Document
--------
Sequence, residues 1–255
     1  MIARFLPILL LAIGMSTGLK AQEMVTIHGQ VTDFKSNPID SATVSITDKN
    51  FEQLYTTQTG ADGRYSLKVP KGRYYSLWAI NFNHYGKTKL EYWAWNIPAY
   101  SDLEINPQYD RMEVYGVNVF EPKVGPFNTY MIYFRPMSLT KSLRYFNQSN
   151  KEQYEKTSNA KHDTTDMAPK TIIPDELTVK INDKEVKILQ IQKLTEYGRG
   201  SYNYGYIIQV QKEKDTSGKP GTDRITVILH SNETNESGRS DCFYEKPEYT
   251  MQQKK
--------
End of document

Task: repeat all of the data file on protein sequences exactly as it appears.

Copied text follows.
Sequence, residues 1–255
     1  MIARFLPILL LAIGMSTGLK AQEMVTIHGQ VTDFKSNPID SATVSITDKN
    51  FEQLYTTQTG ADGRYSLKVP KGRYYSLWAI NFNHYGKTKL EYWAWNIPAY
   101  SDLEINPQYD RMEVYGVNVF EPKVGPFNTY MIYFRPMSLT KSLRYFNQSN
   151  KEQYEKTSNA KHDTTDMAPK TIIPDELTVK INDKEVKILQ IQKLTEYGRG
   201  SYNYGYIIQV QKEKDTSGKP GTDRITVILH SNETNESGRS DCFYEKPEYT
   251  MQQKK